Actually, I looked at the actual wording of the law they were changing. There was a specific section that said it was discriminatory for an employer to fire someone over their birth control choices. That part is now striked out. So yes, before it was illegal to fire someone over birth control but they're planning to put an end to that. Of course, that didn't stop employers from making up other reasons or no reasons at all if they felt like it....but it says a lot that the lawmakers decided to add that it would be legal to fire for the birth control reason alone.

Mar 17 12 - 5:02pm

Shouldn't Arizona be thinking about passing a law concerning how women dress??? I mean, its not right for us males, to be involuntarily inflicted by the temptations of tight t-shirts and short skirts. Surely that kind of dress leads to immoral behaviour, doesn't it. I know that Muslim burpa stuff is wrong. Our women should all be wearing nice long skirts, flat shoes, full sleeves and a nice bonnet. If there is a law against sexual temptation, then there will be a lot less immoral, pre-marriage, outside of the bedroom, not in missionary position, not between the hours of 9pm and 11pm sex? These guys (is Lesko a guy? - Debbie's a strange name for a guy) need to really take their responsibility for protecting us a lot more seriously.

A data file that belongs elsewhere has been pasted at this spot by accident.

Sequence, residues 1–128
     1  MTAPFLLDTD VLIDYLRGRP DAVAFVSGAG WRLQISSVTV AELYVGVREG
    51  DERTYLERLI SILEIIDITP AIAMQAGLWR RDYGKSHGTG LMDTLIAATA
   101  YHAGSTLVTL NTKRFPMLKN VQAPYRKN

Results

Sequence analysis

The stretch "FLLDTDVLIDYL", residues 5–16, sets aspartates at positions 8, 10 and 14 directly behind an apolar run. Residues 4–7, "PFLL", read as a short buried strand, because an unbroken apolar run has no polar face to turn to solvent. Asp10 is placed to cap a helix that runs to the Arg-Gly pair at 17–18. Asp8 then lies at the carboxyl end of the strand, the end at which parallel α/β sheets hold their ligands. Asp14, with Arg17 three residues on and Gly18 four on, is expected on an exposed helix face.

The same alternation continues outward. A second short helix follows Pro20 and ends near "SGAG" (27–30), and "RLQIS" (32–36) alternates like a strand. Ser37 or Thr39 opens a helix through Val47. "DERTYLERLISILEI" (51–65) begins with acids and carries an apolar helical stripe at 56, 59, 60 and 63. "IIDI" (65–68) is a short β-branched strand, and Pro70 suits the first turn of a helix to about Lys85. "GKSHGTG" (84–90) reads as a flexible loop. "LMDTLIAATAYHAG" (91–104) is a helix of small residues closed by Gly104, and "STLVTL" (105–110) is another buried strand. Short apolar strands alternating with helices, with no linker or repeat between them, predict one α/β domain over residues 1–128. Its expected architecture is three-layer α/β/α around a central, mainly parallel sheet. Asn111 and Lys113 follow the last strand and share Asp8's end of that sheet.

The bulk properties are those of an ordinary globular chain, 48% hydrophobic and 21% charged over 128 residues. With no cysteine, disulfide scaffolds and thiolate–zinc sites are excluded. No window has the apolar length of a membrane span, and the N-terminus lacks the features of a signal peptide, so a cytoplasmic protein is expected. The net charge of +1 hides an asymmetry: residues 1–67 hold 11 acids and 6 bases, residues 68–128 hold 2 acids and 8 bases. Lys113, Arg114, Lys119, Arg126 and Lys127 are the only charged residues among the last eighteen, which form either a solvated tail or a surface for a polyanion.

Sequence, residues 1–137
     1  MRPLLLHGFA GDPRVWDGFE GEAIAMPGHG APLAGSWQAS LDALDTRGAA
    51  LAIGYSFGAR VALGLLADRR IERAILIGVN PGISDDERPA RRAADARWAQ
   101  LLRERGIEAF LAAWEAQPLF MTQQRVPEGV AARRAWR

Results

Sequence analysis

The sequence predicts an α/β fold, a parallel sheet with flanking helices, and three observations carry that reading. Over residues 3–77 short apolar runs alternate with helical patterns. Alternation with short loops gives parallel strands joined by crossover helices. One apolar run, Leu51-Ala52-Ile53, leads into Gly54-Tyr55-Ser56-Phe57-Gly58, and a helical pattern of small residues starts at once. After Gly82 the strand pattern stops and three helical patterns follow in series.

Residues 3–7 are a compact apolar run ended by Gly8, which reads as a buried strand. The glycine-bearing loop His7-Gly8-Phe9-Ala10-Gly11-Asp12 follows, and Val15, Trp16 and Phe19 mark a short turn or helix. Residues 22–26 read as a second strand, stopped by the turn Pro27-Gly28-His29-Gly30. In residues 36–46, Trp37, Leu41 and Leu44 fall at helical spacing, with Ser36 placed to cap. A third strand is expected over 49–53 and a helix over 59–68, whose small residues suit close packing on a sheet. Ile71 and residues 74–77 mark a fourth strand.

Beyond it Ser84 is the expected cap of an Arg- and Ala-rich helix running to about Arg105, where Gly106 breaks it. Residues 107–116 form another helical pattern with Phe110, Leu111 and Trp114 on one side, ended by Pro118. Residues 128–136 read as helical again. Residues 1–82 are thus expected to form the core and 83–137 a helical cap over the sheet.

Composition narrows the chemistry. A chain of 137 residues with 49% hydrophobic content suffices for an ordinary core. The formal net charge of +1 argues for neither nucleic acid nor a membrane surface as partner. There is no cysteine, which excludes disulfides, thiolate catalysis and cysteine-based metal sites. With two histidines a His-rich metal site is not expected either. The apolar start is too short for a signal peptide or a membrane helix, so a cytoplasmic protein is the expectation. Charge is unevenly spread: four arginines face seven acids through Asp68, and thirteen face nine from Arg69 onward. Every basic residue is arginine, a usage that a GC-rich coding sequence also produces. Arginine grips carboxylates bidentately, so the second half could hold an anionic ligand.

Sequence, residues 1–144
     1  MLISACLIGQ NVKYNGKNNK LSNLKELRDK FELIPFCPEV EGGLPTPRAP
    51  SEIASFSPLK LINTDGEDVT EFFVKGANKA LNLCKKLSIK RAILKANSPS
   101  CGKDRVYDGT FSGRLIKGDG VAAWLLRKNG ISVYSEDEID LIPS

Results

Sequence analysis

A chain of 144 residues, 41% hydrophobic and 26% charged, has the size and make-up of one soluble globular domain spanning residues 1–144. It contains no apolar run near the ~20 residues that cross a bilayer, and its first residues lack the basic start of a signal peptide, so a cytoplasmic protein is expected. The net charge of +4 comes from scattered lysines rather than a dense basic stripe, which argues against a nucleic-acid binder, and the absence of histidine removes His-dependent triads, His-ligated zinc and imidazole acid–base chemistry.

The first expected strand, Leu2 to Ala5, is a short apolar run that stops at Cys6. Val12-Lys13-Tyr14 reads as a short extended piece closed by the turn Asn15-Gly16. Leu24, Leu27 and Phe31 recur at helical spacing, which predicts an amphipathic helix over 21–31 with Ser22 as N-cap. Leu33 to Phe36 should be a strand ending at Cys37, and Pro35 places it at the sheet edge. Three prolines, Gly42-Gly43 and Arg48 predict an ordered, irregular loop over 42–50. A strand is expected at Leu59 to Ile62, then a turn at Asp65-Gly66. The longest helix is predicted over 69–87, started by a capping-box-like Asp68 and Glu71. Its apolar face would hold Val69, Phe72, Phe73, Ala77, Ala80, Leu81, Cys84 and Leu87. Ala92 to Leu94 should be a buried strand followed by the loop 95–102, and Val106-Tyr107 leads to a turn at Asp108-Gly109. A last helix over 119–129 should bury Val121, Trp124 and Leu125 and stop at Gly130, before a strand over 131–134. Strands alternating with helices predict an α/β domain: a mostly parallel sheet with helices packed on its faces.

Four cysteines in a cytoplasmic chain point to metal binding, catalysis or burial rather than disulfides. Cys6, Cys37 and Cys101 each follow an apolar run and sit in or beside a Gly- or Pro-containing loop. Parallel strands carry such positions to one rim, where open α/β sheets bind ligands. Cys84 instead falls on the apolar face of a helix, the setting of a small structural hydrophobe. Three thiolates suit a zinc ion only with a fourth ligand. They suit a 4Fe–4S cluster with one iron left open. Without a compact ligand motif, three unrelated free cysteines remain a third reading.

Mar 17 12 - 9:21pm